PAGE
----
The Grand Ducal Burial Vault (Russian: Великокняжеская усыпальница) is the purpose-built mausoleum of the Grand Dukes and Duchesses of Russia in the Peter and Paul Fortress. The Neo-Baroque domed structure is frequently mistaken for a part of the Peter and Paul Cathedral due to architectural similarities. A covered passageway leads from the mausoleum to the cathedral, where the Russian emperors and empresses lie in state.
The building was designed by David Grimm in 1896. It was constructed in order to remove the remains of some of the non-reigning Romanovs from the cathedral where there was scarcely any room for new burials. Antony Tomishko and Leon Benois were responsible for the actual construction work. The interior is richly decorated with marble, mosaics and ormolu. Grand Duke Alexei Alexandrovich of Russia was the first to be interred in the mausoleum in 1908. The bones of eight other royals were brought to the vault from the cathedral. The last burial, that of Grand Duke Constantine Constantinovich of Russia, took place seven years later.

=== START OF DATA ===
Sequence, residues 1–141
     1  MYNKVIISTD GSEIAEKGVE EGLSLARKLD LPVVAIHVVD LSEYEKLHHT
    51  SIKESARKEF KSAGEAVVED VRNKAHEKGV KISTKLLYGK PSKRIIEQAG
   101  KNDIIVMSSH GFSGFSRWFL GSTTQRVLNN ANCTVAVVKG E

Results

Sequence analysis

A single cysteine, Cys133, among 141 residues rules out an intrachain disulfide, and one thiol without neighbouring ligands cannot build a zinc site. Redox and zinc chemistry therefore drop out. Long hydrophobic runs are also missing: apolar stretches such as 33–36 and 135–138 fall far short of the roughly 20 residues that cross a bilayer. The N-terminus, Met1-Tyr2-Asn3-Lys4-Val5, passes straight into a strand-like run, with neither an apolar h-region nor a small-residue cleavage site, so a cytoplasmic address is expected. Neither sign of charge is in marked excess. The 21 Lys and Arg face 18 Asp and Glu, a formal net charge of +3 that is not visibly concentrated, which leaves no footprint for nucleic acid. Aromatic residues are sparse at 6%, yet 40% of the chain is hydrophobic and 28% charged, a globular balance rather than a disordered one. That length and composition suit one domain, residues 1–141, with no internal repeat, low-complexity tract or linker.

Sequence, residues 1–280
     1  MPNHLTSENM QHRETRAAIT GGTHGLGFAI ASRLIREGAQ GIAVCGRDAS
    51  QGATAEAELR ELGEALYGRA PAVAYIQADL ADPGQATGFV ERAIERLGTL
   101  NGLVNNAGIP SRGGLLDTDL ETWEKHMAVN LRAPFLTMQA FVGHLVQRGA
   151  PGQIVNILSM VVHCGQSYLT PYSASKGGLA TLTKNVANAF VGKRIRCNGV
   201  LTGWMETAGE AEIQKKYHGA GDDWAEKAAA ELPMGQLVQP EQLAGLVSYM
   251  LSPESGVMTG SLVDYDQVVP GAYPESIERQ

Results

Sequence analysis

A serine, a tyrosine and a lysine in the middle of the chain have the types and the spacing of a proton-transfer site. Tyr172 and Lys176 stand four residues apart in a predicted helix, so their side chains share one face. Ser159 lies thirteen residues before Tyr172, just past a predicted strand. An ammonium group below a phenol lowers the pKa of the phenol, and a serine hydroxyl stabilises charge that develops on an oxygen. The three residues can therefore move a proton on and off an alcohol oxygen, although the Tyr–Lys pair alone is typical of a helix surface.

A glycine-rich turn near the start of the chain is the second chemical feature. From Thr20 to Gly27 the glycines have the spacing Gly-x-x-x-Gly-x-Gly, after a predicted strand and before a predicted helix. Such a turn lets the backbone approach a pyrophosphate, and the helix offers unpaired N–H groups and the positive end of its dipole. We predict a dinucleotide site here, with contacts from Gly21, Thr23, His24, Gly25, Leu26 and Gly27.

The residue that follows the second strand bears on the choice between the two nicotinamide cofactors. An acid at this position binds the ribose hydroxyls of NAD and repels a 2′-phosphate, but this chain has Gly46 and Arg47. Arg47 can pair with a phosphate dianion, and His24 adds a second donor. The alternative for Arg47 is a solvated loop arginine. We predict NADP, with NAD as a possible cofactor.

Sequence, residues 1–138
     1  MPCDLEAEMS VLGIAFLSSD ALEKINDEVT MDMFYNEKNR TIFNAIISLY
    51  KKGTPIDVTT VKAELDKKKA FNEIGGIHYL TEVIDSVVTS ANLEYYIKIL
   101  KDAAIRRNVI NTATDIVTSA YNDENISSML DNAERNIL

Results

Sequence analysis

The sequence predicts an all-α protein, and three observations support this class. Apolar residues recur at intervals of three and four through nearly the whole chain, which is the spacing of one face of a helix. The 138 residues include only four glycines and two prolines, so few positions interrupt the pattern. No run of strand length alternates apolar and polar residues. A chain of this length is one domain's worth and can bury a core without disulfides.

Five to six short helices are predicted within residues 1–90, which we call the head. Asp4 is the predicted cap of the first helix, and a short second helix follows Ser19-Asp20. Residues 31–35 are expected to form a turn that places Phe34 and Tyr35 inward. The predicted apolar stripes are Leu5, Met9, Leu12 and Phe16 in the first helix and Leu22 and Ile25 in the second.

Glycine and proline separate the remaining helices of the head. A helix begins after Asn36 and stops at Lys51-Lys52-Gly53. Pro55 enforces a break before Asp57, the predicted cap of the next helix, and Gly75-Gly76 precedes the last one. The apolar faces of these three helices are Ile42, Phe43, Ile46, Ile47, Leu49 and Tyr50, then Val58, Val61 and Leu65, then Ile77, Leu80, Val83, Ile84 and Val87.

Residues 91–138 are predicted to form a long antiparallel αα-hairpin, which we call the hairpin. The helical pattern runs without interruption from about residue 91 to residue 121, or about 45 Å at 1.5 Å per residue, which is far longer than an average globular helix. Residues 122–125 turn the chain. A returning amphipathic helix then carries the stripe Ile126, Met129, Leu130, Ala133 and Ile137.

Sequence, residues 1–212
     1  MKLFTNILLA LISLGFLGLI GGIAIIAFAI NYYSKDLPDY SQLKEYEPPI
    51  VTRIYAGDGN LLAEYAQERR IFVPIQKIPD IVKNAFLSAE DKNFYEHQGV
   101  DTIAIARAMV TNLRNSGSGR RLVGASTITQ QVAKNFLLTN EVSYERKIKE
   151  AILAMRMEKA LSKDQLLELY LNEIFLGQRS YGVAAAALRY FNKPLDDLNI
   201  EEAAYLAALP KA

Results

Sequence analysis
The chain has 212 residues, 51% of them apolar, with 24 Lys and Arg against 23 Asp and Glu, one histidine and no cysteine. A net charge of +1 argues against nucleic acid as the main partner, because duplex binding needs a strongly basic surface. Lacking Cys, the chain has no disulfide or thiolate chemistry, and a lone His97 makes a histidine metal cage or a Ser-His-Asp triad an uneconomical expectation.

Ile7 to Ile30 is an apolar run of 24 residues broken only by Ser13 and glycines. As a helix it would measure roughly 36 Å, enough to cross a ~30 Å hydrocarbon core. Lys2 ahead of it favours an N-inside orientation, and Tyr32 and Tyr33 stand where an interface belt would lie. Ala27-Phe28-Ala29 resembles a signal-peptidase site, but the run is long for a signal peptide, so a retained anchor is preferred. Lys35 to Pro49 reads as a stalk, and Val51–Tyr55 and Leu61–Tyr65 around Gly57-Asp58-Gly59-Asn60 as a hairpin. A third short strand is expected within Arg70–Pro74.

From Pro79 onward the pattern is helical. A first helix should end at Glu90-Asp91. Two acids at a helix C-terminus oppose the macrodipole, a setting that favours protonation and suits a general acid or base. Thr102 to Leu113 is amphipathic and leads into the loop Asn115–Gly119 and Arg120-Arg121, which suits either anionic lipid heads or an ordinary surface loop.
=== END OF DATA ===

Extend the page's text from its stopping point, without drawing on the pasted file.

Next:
The mausoleum was expected to hold up to sixty tombs, but by the time of the Russian Revolution there were only thirteen. The Soviets destroyed the uniform tombs with a view to converting the building into a city history museum; the tombs were later restored. Grand Duke Vladimir Kirillovich was buried in the Grand Ducal Mausoleum in 1992. The remains of his parents, Grand Duke Cyril Vladimirovich and Grand Duchess Viktoria Feodorovna, were transferred from Schloss Rosenau three years later. His wife, Grand Duchess Leonida Georgievna, was buried there in 2010.
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